Recycling bins have been part of campus culture since the passage of a $3.50 student fee to support and establish the Sustainability Center in 2009. In the three years since, this student-funded initiative has worked to make recycling, along with other sustainable practices, campus priorities. The center will soon become the Office of Sustainability.
A change of name is not the only adjustment the center has experienced. Its original director, Gretchen Hooker, stepped down in Jan. 2012 to pursue other opportunities. She was followed by an interim director who left in Aug. 2012. Since then, the center has been supported by student employees with help from organizations such as the Network of Environmentally Conscious Organizations (NECO) and the Campus Sustainability Advisory Council (CSAP).
Terry Leist, MSU’s Vice-President of Administration and Finance, made the commitment last spring to supplement the Sustainability Center’s earmarked student fee with an additional $30,000 for the next two years to transition the center to the Office of Sustainability. A committee is currently in the process of selecting a new director.
“Fingers crossed, we will have a new director by the new year,” said Sam Atkins, NECO President and member of the selection committee. The university will also hire a part-time recycling director to aid the new director of the Office of Sustainability.
In the past, the recycling program received almost all the Sustainability Center funds. By separating the responsibility of the recycling program and the director, the office will be able to focus on other sustainability projects apart from recycling.
One of these projects is advocating for university responsibility for the American College and University Presidents’ Climate Commitment (ACUPCC). Signed by past MSU President Geoff Gamble in 2008, the ACUPCC focuses on climate control and reduction of greenhouse gasses and has been signed by 661 universities and colleges.
“We want the director to hold [the] university responsible for signing the commitment,” Atkins said. She added that there is a significant difference between signing a document and following through on the promises the signature implies.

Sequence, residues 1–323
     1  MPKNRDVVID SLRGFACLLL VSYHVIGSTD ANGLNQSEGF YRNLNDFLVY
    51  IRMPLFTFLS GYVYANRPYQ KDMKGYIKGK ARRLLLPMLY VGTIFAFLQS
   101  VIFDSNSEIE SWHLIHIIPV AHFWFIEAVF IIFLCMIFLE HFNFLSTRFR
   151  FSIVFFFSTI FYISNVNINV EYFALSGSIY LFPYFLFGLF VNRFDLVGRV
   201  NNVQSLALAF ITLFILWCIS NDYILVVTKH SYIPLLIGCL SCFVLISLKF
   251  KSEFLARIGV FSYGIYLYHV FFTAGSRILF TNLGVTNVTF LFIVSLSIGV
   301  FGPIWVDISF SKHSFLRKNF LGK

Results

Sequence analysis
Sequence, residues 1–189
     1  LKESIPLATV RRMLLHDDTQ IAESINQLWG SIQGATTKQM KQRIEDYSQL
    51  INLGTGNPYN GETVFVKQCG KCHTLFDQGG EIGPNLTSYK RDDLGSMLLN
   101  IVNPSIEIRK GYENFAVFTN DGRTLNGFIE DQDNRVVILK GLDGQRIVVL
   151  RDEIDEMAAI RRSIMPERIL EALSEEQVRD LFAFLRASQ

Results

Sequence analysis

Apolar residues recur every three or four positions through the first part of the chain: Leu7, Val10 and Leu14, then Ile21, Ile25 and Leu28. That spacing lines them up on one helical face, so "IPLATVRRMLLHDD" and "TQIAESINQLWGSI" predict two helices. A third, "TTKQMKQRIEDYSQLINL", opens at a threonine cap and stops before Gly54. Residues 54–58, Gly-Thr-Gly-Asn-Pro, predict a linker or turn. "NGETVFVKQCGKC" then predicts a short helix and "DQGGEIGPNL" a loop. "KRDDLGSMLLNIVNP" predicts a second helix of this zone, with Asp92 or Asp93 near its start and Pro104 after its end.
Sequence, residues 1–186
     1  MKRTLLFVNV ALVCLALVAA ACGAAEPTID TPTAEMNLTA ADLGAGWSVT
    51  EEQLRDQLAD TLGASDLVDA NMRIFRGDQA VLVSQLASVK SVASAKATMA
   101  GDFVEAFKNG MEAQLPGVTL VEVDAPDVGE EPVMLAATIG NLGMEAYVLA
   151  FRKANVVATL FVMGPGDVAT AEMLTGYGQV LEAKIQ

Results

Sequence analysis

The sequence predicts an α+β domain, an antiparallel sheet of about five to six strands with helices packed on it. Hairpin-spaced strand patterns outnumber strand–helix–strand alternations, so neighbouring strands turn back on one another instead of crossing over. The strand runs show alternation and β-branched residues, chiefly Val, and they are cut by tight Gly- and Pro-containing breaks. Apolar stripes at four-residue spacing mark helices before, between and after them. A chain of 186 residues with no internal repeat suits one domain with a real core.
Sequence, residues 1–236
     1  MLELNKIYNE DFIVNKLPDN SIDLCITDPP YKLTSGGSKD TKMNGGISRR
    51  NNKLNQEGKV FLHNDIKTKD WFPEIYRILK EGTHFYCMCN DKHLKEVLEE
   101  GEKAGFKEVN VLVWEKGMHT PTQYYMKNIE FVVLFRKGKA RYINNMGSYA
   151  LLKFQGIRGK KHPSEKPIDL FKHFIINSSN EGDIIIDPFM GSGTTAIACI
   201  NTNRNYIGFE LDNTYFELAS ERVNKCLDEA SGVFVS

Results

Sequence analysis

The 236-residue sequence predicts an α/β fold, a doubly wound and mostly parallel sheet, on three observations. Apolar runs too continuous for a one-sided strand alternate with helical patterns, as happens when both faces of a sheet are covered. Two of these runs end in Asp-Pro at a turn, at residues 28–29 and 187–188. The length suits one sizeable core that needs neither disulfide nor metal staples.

E.J. Hook, Environmental Services Manager of Facilities Services, has worked closely with NECO and is part of the CSPA. He has aided the students that have been running the center in the absence of a director with some of the administrative responsibilities.
Hook hopes the future director will be able to prioritize and advocate the long term sustainability goals. “There are thousands of ways to approach and improve sustainability on campus, but if we try to do all one thousand…most of them would turn out to be half measures,” he said. “We cannot spread ourselves that thin.”
The Office of Sustainability hopes to continue the center’s emphasis on student involvement. The director’s purpose, along with fulfilling the Climate Action Plan and “integrating sustainability into campus operations planning, development and academic pursuits,” as outlined in the position vacancy announcement, will be to aid student initiatives related to sustainability.
Sustainability efforts on campus have continued to grow and expand over the past three years. Many attribute this growth to the persistence of MSU students in their effort for sustainability — as Hook said, “Students are the most powerful group on campus.”